Phene interactions determine nutrient capture in common bean

Rangarajan et al. employ the functional–structural model SimRoot to explore how interactions among architectural phenes in common bean, Phaseolus vulgaris (Fabaceae) determine the acquisition of phosphate and nitrate, two key soil resources contrasting in mobility. The utility of a root architectural phenotype is determined by whether the constituent phenes are synergistic or antagonistic.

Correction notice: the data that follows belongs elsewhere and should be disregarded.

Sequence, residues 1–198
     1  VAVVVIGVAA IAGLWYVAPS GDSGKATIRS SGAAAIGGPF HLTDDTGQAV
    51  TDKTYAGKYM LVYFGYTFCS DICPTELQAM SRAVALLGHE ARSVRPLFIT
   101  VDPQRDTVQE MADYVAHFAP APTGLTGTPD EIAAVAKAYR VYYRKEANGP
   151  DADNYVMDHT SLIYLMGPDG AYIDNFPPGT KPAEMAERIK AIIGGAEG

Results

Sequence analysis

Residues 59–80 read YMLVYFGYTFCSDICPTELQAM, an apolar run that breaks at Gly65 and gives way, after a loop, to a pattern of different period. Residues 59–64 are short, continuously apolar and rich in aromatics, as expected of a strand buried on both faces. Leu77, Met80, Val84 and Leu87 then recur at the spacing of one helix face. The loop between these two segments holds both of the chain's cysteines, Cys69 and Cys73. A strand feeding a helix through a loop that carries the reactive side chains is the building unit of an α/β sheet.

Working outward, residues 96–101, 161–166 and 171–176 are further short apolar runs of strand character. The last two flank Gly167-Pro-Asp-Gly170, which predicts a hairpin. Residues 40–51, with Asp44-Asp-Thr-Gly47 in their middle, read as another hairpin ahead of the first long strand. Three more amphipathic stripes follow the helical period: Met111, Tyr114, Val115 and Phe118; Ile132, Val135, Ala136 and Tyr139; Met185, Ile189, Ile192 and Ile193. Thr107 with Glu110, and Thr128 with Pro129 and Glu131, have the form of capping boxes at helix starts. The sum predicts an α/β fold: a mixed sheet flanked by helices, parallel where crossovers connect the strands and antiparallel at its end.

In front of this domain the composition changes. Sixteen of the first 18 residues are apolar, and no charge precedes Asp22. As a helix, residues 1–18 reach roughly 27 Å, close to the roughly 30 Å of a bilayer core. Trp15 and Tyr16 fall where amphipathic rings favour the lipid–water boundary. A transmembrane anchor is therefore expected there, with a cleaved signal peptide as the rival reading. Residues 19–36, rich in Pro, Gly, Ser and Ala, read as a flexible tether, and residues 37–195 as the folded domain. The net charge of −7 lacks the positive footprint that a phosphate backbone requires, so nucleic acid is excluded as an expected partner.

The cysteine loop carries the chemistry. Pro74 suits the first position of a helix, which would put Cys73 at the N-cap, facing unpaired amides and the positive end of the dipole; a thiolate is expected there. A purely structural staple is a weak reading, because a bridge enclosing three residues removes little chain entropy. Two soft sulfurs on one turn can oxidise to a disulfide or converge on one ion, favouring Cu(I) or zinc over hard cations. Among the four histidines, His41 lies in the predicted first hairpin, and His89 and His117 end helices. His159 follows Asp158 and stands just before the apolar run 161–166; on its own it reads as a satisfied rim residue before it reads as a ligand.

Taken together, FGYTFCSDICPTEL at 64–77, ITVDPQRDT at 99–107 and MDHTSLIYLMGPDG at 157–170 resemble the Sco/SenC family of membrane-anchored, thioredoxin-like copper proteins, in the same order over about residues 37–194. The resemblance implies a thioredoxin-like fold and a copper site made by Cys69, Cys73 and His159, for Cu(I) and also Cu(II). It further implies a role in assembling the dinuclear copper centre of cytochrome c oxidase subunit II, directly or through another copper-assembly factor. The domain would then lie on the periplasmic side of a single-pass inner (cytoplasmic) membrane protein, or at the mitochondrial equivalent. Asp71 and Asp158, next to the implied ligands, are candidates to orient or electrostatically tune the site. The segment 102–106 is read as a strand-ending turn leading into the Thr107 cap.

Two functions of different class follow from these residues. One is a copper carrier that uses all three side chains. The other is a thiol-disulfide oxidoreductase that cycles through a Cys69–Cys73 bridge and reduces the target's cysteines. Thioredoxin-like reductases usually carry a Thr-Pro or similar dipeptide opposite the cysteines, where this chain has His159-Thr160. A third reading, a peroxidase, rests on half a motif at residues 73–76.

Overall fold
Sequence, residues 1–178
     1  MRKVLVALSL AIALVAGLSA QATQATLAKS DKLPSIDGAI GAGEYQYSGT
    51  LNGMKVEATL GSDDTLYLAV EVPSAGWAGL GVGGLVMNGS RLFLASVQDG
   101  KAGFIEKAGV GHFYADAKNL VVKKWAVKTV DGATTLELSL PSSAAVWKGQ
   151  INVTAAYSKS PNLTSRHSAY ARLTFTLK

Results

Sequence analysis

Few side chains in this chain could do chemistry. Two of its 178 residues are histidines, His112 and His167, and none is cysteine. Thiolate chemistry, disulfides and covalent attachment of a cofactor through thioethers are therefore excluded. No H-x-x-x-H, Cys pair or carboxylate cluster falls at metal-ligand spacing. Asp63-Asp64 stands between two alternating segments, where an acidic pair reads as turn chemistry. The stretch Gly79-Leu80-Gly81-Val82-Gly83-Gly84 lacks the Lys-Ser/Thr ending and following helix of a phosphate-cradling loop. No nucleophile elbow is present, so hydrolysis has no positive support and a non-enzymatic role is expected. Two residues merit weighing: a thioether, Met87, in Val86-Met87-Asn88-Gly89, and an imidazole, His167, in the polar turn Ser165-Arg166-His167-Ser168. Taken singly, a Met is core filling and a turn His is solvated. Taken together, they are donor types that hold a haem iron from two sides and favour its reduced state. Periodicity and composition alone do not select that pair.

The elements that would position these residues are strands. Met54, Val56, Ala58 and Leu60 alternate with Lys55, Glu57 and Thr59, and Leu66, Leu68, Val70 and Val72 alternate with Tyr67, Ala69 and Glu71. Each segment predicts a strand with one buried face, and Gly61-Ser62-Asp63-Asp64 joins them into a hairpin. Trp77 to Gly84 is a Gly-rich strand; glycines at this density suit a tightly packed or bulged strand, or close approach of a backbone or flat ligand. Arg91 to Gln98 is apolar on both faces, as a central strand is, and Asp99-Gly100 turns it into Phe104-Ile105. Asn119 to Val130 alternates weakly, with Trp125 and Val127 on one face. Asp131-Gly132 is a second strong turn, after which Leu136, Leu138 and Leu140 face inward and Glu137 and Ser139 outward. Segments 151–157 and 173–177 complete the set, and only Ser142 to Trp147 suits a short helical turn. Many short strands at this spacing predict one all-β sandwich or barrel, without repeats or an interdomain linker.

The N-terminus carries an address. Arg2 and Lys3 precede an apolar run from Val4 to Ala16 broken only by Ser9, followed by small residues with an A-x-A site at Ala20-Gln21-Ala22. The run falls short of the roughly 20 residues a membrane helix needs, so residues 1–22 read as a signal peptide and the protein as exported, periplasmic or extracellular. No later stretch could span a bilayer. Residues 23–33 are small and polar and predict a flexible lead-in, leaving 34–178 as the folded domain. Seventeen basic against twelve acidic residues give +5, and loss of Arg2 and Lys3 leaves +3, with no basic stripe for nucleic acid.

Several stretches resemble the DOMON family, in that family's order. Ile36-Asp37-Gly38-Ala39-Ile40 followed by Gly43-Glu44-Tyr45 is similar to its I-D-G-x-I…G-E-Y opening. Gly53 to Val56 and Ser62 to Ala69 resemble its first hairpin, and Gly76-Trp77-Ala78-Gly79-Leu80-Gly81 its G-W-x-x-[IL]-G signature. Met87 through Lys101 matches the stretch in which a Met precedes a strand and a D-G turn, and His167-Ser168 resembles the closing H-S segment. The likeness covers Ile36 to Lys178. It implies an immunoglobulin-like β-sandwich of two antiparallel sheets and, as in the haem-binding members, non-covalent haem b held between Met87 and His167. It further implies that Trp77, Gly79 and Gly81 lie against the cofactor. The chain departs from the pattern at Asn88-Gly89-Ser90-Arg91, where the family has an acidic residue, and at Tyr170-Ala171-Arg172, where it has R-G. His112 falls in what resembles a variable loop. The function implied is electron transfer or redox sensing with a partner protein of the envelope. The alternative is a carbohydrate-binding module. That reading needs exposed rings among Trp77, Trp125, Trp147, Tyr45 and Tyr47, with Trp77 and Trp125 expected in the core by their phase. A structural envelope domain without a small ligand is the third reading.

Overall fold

SimRoot

Competition for internal resources and trade-offs for external resources result in multiple phenotypes being optimal under a given nutrient regime. No single phenotype is optimal across contrasting environments. These results have implications for understanding plant evolution and also for the breeding of more stress-tolerant crop phenotypes.

Further reading

Rangarajan, H., Postma, J. A., & Lynch, J. P. (2018). Co-optimization of axial root phenotypes for nitrogen and phosphorus acquisition in common bean. Annals of Botany, 122(3), 485–499. https://doi.org/10.1093/aob/mcy092